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Post Re: SWEENEY TODD with Michael Ball and Imelda Staunton
Hans wrote:
But it is the rape of his wife, his exile, the belief that his wife is dead and the knowledge that his daughter is taken into custody of the very same man that raped his wife, sent him into exile, and as far as he knows drove his wife to suicide that leads to the want of revenge. That is much more acceptable as an explanation of his state of mind, than that the singular incident losing the judge is.

All those things you've listed justify revenge on the judge only. They do not 'explain' his serial killing except as his way of 'getting back at the world' .I don't think what he's gone through makes him less morally culpable for what he does.

Quote:
I think you are misinterpreting what I'm writing. Lovett is by no means apathetic. She is gleefully and naïvely happy that Sweeney is back and that her shop runs well. That is because she is totally amoral, as opposed to immoral. And amorality is a much scarier phenomenon than immorality.

Sweeney, and in fact most of the other characters in the play, are immoral or do immoral acts. Lovett is completely unpredictable, because anything but her own wellbeing is irrelevant to her. If she loves Sweeney, she uses any means to get him, regardless of his feelings, as the song Wait demonatrates. He is not concerned about Lovett at all, until she helps him disposing the victims of his revenge. And she is unable to understand that he doesn't care about her, because other people's (including Sweeney's) are irrelevant to her.

I agree with those facts but not the feelings behind them. Sweeney doesn't care about her, and she can't accept this because if it's true, it's the end of her world. She out and out asks him, "You do love me, don't you?" She absolutely needs to be certain of his love in order to carry on doing what she's doing. I don't know how you can say his feelings are irrelevant to her - it's like saying that Ben's feelings are irrelevant to Sally. They are her everything and if she allowed herself to think even for a second that those feelings were not reciprocated, the ground would come out from under her feet. In Lovett's case I don't see this as selfishness, it's love taken to obsession. She loves him so much that she will do anything for him, even (indirectly) kill for him - this is no more than what Anthony does for Johanna.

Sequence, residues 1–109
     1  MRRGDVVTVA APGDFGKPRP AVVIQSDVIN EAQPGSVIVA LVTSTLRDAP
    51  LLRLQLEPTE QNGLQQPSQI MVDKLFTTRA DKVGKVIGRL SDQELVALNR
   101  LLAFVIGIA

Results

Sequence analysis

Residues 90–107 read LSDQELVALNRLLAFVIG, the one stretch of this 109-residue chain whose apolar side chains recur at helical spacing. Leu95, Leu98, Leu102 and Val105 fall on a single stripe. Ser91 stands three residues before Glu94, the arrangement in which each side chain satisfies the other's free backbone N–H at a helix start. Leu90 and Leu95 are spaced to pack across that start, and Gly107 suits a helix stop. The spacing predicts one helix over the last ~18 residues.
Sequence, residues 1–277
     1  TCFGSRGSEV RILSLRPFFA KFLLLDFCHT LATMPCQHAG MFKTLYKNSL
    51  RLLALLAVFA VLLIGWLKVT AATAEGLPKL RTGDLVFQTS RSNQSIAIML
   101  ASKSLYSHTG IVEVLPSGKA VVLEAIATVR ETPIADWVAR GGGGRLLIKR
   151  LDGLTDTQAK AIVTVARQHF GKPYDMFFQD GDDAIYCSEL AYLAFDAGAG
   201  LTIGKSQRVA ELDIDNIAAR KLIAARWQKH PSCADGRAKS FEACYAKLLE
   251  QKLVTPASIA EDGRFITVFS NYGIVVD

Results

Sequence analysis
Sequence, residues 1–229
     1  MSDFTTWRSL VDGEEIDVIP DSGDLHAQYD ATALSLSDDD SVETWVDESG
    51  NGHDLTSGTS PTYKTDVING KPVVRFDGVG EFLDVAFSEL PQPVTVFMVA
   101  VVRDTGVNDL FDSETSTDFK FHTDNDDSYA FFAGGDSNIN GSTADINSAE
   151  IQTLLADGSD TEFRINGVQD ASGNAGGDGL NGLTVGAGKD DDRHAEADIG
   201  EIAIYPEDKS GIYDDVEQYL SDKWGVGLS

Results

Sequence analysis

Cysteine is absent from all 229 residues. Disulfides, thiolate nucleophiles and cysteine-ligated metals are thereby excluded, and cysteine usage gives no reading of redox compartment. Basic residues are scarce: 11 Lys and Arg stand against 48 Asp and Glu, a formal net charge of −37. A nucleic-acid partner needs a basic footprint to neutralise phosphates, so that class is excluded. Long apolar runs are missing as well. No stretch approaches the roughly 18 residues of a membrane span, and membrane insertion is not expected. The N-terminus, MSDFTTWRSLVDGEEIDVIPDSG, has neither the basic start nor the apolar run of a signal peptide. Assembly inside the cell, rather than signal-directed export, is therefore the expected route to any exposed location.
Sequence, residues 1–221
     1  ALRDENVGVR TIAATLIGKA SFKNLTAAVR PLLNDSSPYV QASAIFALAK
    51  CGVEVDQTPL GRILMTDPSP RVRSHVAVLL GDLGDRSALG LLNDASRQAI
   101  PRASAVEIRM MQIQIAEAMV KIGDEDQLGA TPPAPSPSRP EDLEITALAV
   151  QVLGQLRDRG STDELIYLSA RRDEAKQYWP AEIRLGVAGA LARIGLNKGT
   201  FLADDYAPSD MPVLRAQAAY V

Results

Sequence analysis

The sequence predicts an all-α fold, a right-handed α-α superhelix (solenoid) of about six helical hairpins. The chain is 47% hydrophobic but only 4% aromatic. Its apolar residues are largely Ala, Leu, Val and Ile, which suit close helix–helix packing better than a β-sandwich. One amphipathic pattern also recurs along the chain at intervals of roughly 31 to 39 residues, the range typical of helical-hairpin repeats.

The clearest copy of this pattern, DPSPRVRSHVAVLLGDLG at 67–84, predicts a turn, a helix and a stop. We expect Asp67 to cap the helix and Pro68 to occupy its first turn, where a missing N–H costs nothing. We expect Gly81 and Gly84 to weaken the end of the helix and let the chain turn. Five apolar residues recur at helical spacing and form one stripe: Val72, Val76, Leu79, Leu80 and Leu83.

Quote:
Sweeney and the other characters are corrupted in some or other way, yet they are able to differ between good and evil. As Lovett is amoral, she lacks this ability, which both provides conflict in the character (one can never predict what she's going to do, pick some flowers or make mince meat of her kitchen boy), and is much more scary. Also it is more fun.

I don't think she is amoral, I just think her moral compass is guided by what she sees as the best interests of her and Sweeney's union. I think that makes everything she does explicable and grounded. I disagree that it's "more fun" to have a character act randomly and unpredictably - if there are no discernible motivations and desires driving the action, then there's nothing to engage with.

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Of course does she think the killings are ok. It wasn't she who initiated it, but it doesn't affect her the slightest, and when Daniel O'Higgins is killed, she is the one who pushes it further - not because she has any ethic justification for killing people who have deliberately injured Sweeney, but because it gives her a source for meat. Which is a perfectly pragmatic and amoral and unconcerned reason for committing awful crimes.

How does she push it further? It's Sweeney's idea to keep killing people, and it's her idea to put them in pies afterwards. She never says, "we need meat, so kill more people please." It's Sweeney's decision to kill and she picks up the pieces in the most efficient way. I'm not saying she's blameless or doing a good thing by being an accomplice, of course not. What I'm saying is that her going along with it for Sweeney's sake is comprehensible for reasons outside of amorality. I think the perfect proof for this is when she finds the first body: she is horrified and repulsed by what Sweeney did, she can't understand it. Then he explains that Pirelli was trying to blackmail him, and for Lovett, that's justification enough - this man was trying to harm Sweeney, so Sweeney got rid of him. The murder was awful, but it had to be done for Sweeney's benefit. That is how she judges the acceptability of behaviour.

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Do you mind if I ask you if you base your interpretation on the movie or the stage show? Because much of your interpretations seems like they're based on the movie, which in my opinion misinterpreted (deliberately or not) many aspects of the show, and the result was in many ways shallower and disappointing.

Stage show - haven't seen the film for years and I saw the stage show again yesterday so it's freshest in my mind. That and cast recordings obviously.